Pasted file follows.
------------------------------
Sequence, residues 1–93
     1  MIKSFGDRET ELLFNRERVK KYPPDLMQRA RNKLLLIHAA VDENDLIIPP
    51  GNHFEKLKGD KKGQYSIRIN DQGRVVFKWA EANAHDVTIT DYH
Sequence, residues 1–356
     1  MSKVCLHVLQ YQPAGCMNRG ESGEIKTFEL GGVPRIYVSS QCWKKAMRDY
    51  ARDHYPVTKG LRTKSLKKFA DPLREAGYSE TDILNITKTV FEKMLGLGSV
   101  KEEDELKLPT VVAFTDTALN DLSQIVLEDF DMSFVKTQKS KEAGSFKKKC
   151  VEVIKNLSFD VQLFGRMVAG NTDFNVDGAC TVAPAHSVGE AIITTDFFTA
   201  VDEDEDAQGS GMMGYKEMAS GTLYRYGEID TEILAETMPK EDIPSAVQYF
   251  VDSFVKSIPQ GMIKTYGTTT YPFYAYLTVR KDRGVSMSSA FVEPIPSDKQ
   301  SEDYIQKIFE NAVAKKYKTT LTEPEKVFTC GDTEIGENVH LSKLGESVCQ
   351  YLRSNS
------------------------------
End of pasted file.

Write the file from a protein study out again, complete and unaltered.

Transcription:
Sequence, residues 1–93
     1  MIKSFGDRET ELLFNRERVK KYPPDLMQRA RNKLLLIHAA VDENDLIIPP
    51  GNHFEKLKGD KKGQYSIRIN DQGRVVFKWA EANAHDVTIT DYH
Sequence, residues 1–356
     1  MSKVCLHVLQ YQPAGCMNRG ESGEIKTFEL GGVPRIYVSS QCWKKAMRDY
    51  ARDHYPVTKG LRTKSLKKFA DPLREAGYSE TDILNITKTV FEKMLGLGSV
   101  KEEDELKLPT VVAFTDTALN DLSQIVLEDF DMSFVKTQKS KEAGSFKKKC
   151  VEVIKNLSFD VQLFGRMVAG NTDFNVDGAC TVAPAHSVGE AIITTDFFTA
   201  VDEDEDAQGS GMMGYKEMAS GTLYRYGEID TEILAETMPK EDIPSAVQYF
   251  VDSFVKSIPQ GMIKTYGTTT YPFYAYLTVR KDRGVSMSSA FVEPIPSDKQ
   301  SEDYIQKIFE NAVAKKYKTT LTEPEKVFTC GDTEIGENVH LSKLGESVCQ
   351  YLRSNS